Yesterday Microsoft UK had its company conference in Brighton, and I always have mixed feelings about these affairs. We transported 1000 people 100 miles and told and with no sense of irony whatsoever we told them about what the company was doing about the environment, showed them a video of the office they had led behind and showed them clips of Microsoft people telling them what it was like to work at Microsoft. I’ve been involved in enough events of my own to feel some sympathy for the organizers. What is informative to one person might seem insultingly obvious to someone else. What one person finds riveting makes someone else want to gnaw their own leg off. There are occasions where you need to gather the whole company together and yet when you make attendance mandatory, people think "They wouldn’t need to make it mandatory if people wanted to go".
But at most of these events there is a segment where you turn to a colleague afterwards and say "that was worth coming for". For a lot of people where I was sitting the speaker who had that effect was an external one, Sir Mark Grundy. It’s an odd thing, still, to see a head teacher get a knighthood: Grundy got his for turning round a pair of schools in the Midlands; but I suspect it was more than just having a good plan and executing on it. The guy believes in something: "I’ve never met a pupil who came to school to fail" was one thing he came out with – he’s very articulate and his passion comes through when he speaks. But for us the big thing was the difference technology made to his business: he talked about teenagers and threw out the question "why is life at home so connected (messenger, Email, even Xbox live) but when kids come to school we expect them to be happy to be told to open a book and copy out a diagram", so his student portal is a way of linking students together (and shutting students out of it has become one of his best disciplinary tools) . Since he gets how important it is to have parents on side – he’s got a portal to show them information too – from PerformancePoint among other sources. And other heads ask him why the providers who deliver their services can’t do that. But this idea of taking a lot of … stuff and using the power of software to make sense of it carried on he had a love of Deep-zoom (and got a good laugh when he said he liked the old name, Sea-Dragon "Did someone on work experience choose the new name ?"), and Photosynth. And another Deep zoom-like product (I’m not sure the base IS deep zoom) and that’s PPTPlex (watch the videos there to get some idea). It was the first time I’d seen someone use it on stage, and it was enough of a spur to get me to install it when I got home, and if you’re attending any of my events in the near future I may experiment with it.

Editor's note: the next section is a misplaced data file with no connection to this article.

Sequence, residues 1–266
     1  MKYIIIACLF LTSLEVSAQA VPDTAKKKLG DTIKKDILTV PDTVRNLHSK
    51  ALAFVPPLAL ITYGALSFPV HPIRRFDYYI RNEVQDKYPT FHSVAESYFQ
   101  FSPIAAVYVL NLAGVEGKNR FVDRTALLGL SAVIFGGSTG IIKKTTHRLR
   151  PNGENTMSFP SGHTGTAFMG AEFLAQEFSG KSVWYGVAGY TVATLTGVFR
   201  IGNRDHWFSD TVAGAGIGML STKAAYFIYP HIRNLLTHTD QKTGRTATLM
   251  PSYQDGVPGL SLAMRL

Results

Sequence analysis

I’d planned to do a photosynth of the area round the royal pavilion so I whizzed off at lunch time and shot that. I have the details that I can find in there. Which came back to one of Sir Mark’s points : this is the kind of technology kids should be getting exposed to and if not, ask "why not ?"
This post originally appeared on my technet blog.